Reviewer 1’s Comments
I want to think this is worth including as it is provocative and interesting. It is also certainly tremendously flawed, but it seems to me the symposium could be a good place to present this – an opportunity for peer-review and some of the discussion that the presenter says she is after. A difficult phrase for me, though, was the notion of a “true golden age of singing”; this tends rather to discredit global traditions over millennia and certainly privileges one particular ethnic and terribly classed musical tradition over all others. My discomfort at this phrase was intensified when the presenter mentioned a “great race of singers”. I want to give her the benefit of the doubt, but for such a carefully constructed and rather slow-moving video, this seems at best to be a very careless use of words. Is she saying that Western European singers are ‘racially’ superior to singers in all other musical traditions anywhere in the world over time? I hope not, but everything else about this video seems so intentional that it is very hard for me to see past or to “un-hear” these two adjacent comments in the video. I think I would want to get back to the presenter and ask her to reconsider these words and these ideas, as they smack strongly of racist Eurocentrism and colonialism. I am also not sure about the claim of there being “the [i.e. one] true bel canto sound”. Surely each singer was different in their approach. It’s like trying to pin a “rock sound” on the drums – Moon and Bonham and Appice and Grohl and Wilk are similar, yes, but also so distinct that to group them as has having one sound would feel disingenuous; this is a crude and perhaps unhelpful comparison, but I think the analogy works to help make my point. The methods are also terribly unclear (whence did these comments come, over what period, and in response to what questions or provocations from the researcher?).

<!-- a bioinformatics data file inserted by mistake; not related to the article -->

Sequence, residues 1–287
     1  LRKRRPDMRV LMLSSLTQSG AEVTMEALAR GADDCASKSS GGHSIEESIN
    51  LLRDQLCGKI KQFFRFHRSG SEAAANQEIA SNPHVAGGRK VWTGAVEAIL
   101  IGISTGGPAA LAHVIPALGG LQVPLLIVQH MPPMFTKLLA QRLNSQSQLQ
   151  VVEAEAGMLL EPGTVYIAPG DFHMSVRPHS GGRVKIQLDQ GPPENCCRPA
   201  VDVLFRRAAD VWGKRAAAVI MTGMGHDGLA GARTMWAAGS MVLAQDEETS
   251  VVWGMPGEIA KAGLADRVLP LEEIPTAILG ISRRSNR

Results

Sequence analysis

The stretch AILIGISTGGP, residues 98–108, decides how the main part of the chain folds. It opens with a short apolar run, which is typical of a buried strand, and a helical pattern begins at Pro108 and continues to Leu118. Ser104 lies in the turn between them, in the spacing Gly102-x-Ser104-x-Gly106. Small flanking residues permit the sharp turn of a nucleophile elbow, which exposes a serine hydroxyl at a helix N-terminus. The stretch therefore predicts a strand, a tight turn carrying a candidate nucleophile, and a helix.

Reviewer 2’s Comments
This works as critical viewpoint and performance art. This piece very explicitly juxtaposes deductive and inductive and the winding paths these reasonings can yield. Also, it addresses the concepts of historically informed performance vs. modern aesthetics by shifting focus to the idea of throwing out convention and trying new (old) things with experimental abandon and fresh intellect. I like the critical confrontation component and I think this addresses the themes very well. This is sure to spark discussion and I want to know more after watching so I think it is a very valuable contribution.